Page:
The resurrection of Indian hockey in Tokyo Olympics has brought joy to even Pakistan as the legends of the game here believe that the arch-rivals' resurgence would help arrest the sport's decline in their own backyard. Tokyo Olympics | Full Schedule | Sports News
Both the Indian men's and women's teams have advanced to the semifinals to be within touching distance of medals that are expected to galvanise hockey like never before in India.
Pakistan, on the other hand, failed to even qualify for the Games for a second successive time.
Celebrated centre forward Hasan Sardar said he has been watching the Olympics hockey matches with interest after India started doing well.
"It is a big success for the Indian hockey structure...It is all about money and unless we don't invest in hockey and take care of players where will we get the talent from. In Pakistan youth goes towards cricket because they know they have a secure future in hockey that is missing," he told PTI.
Hasan, who scored the winning goal when Pakistan won the Olympic semifinal against Australia in 1984 and went onto win the gold, said it was good to see the Indian team combining modern day tactics with some old style Asian skill sets.
"The key to hockey today is fitness and this Indian team looks to be very fit," he said.
Praising the performances of the Indian teams, Pakistan Hockey Federation secretary-general Asif Bajwa told PTI that their success would lead to a revival of interest in hockey in the region.
"It is not a small achievement that India has qualified for the Olympic semifinals...I say it will lead to a revival of the game in Pakistan because we have always been fierce rivals and people in Pakistan will now want our team to be back at the top as well," Bajwa said.
The former Olympian, who featured in the Pakistan team that won a bronze medal in the 1992 Olympics and the 1994 World Cup title, said India were reaping the rewards for restructuring their hockey set-up.
"In India the Indian hockey federation has over Rs 1000 crore in their account while their government also funds them...Today if you want to progress in hockey and remain at the top, a lot of money is required," Bajwa said.
He said there were a number of reasons for hockey's decline in Pakistan.
"I don't want to go into that but to be in the top five teams you have to play at least 25 to 30 international games a year. India is doing more than that and plus they have aligned their structure on modern lines," he pointed out.
Samiullah Khan, who was nicknamed 'flying horse' for his speed, said he is very happy to see Asian teams do well in the Olympics.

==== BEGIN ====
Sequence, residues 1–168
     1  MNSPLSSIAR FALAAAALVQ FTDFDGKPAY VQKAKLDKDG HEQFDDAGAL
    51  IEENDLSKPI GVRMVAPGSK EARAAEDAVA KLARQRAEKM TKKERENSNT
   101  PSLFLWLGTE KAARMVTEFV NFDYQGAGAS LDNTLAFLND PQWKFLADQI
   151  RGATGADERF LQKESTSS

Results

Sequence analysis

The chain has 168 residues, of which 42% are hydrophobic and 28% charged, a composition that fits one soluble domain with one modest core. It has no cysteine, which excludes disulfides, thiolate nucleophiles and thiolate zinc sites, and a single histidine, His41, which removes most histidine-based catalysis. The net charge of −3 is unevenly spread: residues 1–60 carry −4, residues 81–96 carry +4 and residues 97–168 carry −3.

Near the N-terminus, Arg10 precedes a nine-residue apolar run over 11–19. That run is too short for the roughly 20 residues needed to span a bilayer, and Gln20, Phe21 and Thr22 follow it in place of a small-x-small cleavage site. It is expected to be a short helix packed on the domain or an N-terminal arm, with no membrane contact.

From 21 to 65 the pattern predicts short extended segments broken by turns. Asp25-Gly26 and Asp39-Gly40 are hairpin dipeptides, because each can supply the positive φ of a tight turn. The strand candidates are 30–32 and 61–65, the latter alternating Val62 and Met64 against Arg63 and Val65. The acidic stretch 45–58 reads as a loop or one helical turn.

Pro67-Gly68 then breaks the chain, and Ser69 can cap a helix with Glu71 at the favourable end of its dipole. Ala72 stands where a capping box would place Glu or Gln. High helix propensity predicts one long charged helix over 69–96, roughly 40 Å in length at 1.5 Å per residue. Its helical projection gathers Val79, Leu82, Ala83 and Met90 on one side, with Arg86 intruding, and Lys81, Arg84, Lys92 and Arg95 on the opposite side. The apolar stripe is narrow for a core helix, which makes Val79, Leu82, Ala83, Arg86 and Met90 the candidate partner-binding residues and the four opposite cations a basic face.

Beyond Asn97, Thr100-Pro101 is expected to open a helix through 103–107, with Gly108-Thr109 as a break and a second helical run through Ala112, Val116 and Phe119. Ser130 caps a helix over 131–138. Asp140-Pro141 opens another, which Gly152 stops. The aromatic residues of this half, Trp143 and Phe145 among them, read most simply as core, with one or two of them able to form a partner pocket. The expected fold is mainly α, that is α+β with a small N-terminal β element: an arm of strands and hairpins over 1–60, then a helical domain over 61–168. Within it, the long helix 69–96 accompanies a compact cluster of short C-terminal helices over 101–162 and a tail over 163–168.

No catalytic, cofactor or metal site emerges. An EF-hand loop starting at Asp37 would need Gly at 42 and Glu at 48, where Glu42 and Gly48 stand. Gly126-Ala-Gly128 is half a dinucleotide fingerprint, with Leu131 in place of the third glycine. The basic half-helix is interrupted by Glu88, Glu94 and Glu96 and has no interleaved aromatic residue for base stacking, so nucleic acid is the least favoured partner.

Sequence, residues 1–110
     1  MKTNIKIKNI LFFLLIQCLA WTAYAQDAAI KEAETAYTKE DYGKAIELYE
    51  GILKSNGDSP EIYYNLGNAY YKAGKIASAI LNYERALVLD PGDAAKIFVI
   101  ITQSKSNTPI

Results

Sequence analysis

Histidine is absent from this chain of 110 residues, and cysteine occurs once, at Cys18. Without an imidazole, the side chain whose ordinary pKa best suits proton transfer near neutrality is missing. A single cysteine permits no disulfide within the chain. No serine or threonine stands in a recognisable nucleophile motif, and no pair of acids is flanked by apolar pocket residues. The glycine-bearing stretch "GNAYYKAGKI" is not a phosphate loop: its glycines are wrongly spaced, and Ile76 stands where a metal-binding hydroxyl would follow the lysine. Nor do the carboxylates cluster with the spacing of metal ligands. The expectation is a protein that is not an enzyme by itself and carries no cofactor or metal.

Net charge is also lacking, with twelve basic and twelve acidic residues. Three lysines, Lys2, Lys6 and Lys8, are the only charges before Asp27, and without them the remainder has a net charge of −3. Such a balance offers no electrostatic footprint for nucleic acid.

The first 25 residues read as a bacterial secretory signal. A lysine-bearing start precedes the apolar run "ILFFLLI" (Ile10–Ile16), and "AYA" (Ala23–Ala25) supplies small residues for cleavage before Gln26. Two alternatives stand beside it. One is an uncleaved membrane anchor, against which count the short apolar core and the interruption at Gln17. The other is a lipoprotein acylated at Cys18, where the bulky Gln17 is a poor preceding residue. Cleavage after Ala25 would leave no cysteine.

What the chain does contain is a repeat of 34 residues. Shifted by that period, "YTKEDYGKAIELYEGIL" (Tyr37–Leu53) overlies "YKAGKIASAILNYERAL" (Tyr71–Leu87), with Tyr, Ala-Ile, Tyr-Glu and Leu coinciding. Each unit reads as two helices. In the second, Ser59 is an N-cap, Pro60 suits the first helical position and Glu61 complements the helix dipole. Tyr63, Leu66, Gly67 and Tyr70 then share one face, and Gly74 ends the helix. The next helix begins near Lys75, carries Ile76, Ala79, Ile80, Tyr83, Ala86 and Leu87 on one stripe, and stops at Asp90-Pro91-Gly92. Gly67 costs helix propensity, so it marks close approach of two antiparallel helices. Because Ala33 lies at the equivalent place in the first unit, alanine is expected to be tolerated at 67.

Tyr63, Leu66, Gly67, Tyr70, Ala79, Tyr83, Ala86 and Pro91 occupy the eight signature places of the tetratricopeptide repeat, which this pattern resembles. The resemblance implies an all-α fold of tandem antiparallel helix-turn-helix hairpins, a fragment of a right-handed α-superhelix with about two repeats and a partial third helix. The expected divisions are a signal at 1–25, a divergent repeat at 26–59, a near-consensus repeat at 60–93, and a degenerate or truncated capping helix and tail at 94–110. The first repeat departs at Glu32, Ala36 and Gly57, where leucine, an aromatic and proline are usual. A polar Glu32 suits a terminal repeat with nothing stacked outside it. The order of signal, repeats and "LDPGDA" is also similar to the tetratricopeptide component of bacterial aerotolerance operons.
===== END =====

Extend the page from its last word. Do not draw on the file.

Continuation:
"Till 1984 Pakistan and India were fierce rivals in the Olympics and did well but after that the Europeans started dominating.
"But now it is good to see India qualify for the semifinals and I hope they can make the final and win a medal," Samiullah, a former Pakistan captain and coach said.
He said India's performances would certainly revive interest in the game in Pakistan.
"In Pakistan, hockey has gone down badly because of poor management and because we didn't pay attention to improving our structure over the years. But even now I believe that if steps are taken and money is invested in the sport we can make a strong comeback. Hockey is in our blood," he asserted.
Samiullah, who was a member of two World Cup-winning teams, said India's success was due to their big pool of talent.
"They are providing incentives to players, looking after them and their selection and management is very fair, which is what is needed in Pakistan," he said.
Interestingly on Sunday, Prime Minister, Imran Khan said he would be be focussing on sports in his last two years before elections as there was a dire need to also revive hockey and other sports in the country.
Pakistan hockey's 'Maradona' and captain of the team that won the 1994 World Cup, Shahbaz Ahmed said India’s impressive show in the Tokyo Olympics confirmed that Asian teams could still remain in the top four of the world.
"India have really done well even after their 7-1 defeat to Australia that is a remarkable comeback. Watching an Asian team do well in the Olympics I hope youngsters in Pakistan will also renew interest in this wonderful sport.
"...there is no doubt that if hockey is to be revived in the country the government has to provide the funds."
Shahbaz advised the Indian team not to play an open game against Belgium in the semifinals on Tuesday.
"Don't give them space, that is the key to beating them Belgium are a very dangerous side."
Pakistan women's team player, Rushna Khan, said it was a remarkable feat by the Indian women's team to beat Australia and make the semifinals.
"It just shows the amount of interest in hockey in India. After this Olympics I am sure more young boys and girls will start playing hockey in India and it will only get better for them.
"It is just so good to see Indian women doing so well in the Olympics it gives us women athletes in this region hope as well."